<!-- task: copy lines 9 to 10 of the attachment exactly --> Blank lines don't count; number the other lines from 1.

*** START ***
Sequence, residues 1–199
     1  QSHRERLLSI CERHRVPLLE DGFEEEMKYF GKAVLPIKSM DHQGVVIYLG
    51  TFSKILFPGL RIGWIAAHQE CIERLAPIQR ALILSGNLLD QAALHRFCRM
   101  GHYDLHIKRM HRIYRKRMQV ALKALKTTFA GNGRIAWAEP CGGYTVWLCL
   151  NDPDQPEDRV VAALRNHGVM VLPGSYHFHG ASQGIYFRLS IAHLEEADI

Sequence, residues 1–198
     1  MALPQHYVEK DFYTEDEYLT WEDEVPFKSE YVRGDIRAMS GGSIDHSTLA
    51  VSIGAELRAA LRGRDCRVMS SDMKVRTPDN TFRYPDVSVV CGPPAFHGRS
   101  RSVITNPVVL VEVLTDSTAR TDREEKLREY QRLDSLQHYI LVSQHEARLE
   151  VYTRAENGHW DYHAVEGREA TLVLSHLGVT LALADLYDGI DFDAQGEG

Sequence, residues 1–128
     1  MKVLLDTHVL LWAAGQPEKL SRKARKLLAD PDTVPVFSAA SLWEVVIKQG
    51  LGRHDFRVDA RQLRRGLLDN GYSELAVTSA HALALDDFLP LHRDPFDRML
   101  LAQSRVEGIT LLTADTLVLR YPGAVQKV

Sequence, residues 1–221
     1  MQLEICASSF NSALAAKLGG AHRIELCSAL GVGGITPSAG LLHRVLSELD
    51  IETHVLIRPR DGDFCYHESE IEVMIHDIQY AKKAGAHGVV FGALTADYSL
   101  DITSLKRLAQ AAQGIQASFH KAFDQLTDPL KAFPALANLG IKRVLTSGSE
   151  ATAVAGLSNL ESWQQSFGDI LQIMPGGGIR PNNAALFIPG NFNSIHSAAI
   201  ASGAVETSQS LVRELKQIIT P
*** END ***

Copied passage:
   101  RSVITNPVVL VEVLTDSTAR TDREEKLREY QRLDSLQHYI LVSQHEARLE
   151  VYTRAENGHW DYHAVEGREA TLVLSHLGVT LALADLYDGI DFDAQGEG